Experience South Africa's Vibrant Cultural Heritage
There aren't many countries in the world than can boast the same vibrant melting pot of cultures as South Africa can. The 35 indigenous languages, 10 of which are official languages of the country, reflect its history of multiculturalism. As responsible travellers, it's important to come to grips with South Africa's complex cultural history as well as enjoying all the magnificent natural beauty the country has to offer. To fly into the country and only stay on golf courses and in safari parks would be doing a great disservice to the wonderful learning experiences this diverse country has to offer.
Sail away to Robben Island
One of the most visited tourist attractions in South Africa, a trip to Robben Island, is on many people's bucket lists due to its most famous inmate - Nelson Mandela lived there for 18 of his 27 imprisoned years. Now decommissioned, the tours of the facilities are led by previous inmates of this former prison, many of whom have returned to live on the island as their livelihood. The boat trip is one of the real draws of this trip, providing incredible views of Table Mountain looming over Cape Town. Make sure you book in advance.
Plan a township tour
Planning a visit to a township is not only a colourful cultural experience but a respectful recognition of the country's diversity. A township is an informal settlement, underdeveloped and usually racially segregated by socio-economic status. A visit here will help you begin to understand the realities of life for many South Africans, whilst supporting local businesses and tourism efforts that are helping people make a sustainable living. As a responsible and ethical traveller, make sure you go with a local guide or tour operator who will offer you an authentic experience and ensure tourism dollars are directed into the communities that need them. We recommend iMzu Tours, owned and operated by a Khayelitsha township resident. It is vital that you only visit a township with a guide who knows the area - it is too dangerous to be even driving through unaccompanied.
Taste a traditional Braai
We've already shared our 9 unmissable food and drinks to try when you visit South Africa, but top of this list has to be a braai. Braai is more than just a type of food, it's a culture, the tradition of which bridges all of South Africa's racial and ethnic groups. In its simplest sense, a braai is a barbeque cooked over a wood fire that has been burning for a few hours. This is the perfect opportunity to sample some of the country's varied game meats, from ostrich (similar to a really tasty, lean fillet steak), kudu, impala and springbok. For the more conservative, you'll usually find a boerewors (a South African coiled farmer's sausage) on most braais.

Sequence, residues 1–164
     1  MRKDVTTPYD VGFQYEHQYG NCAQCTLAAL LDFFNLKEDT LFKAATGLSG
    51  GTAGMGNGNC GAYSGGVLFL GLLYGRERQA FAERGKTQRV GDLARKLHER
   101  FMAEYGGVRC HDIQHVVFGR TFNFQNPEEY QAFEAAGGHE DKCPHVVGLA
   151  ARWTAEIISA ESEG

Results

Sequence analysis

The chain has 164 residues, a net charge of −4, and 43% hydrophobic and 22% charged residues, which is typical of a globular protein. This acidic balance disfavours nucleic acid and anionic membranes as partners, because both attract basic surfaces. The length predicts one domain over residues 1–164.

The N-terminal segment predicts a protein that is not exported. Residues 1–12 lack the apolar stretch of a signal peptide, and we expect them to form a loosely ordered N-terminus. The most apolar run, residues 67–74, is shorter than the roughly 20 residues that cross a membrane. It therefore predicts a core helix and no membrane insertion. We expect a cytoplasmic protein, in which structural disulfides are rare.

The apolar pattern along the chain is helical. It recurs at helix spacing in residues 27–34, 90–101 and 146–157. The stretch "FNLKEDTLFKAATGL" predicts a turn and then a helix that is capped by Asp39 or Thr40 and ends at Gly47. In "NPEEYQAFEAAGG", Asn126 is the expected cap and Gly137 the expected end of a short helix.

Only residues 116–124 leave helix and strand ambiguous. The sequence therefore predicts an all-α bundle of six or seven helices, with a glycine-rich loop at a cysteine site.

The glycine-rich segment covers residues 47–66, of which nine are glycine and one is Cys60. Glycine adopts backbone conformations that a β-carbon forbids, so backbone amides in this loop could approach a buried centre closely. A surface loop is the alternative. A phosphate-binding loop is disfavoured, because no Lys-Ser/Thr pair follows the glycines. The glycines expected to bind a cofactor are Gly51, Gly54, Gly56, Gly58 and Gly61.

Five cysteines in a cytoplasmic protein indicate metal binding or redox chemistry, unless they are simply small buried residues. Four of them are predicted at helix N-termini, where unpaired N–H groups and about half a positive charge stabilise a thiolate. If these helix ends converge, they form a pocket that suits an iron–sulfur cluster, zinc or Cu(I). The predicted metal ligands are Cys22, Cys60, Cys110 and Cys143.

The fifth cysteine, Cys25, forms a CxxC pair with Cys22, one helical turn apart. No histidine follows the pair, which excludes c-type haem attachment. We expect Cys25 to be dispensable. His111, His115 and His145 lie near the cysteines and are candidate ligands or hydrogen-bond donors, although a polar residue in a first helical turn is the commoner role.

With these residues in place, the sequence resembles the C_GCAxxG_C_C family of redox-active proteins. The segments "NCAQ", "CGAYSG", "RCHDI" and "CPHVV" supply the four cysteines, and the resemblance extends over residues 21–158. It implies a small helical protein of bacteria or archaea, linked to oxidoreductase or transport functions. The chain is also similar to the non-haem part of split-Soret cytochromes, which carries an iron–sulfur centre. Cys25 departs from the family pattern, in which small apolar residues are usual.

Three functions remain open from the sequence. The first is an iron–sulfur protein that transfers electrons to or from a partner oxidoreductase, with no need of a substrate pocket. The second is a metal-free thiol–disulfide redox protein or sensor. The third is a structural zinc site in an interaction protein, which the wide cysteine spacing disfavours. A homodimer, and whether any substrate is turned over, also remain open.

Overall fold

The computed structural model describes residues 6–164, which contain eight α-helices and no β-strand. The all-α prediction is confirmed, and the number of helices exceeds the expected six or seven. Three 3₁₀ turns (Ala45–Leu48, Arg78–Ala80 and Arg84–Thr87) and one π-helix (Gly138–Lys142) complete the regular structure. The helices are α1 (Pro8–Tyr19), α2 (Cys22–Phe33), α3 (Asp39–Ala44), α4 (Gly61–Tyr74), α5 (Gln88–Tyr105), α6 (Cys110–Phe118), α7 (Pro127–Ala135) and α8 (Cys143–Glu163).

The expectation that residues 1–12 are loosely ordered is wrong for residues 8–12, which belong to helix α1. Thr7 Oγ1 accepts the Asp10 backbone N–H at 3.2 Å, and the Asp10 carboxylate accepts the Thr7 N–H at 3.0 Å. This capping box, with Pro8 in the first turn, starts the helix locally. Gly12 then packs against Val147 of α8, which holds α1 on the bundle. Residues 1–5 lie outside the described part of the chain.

Learn about the history of apartheid
If you do nothing else whilst in in Cape Town, make sure you visit the District Six Museum. You might be familiar with the phrase 'apartheid' - even if you only know it was something to do with Nelson Mandela. The museum has sensitively memoralised the nation's period of apartheid struggle, the repercussions of which are still prominment within the economic and social disparity between races today. The museum is located on the site where 60,000 of its former inhabitants were forcibly removed during the 1970s by the apartheid regime. If you're not planning a trip to Cape town, the Apartheid Museum in Johannesburg is also very well renowned.
Discover ancient cave drawings
A trip to the remote wilderness in the Cederberg mountain range can leave you feeling like walking on an alien planet. Buried deep within the bright orange rock formations, you can follow a trail to view the rock art from the Khoisan bushmen people, the oldest recorded civilization in Southern Africa estimated to be between 800 and 8000 years old. There are approximately 2500 sites throughout the Cederberg range where you can experience these drawings, but we recommend the Sevilla Rock Art trail just outside of Clanwilliam. Here, you can view 10 sites on a 4km trail through the arid desert wilderness, by obtaining a permit from Travellers Rest Stop where the route begins.
Discover all of these cultural experiences and more on our 7-day responsible traveller's guide to the Garden Route.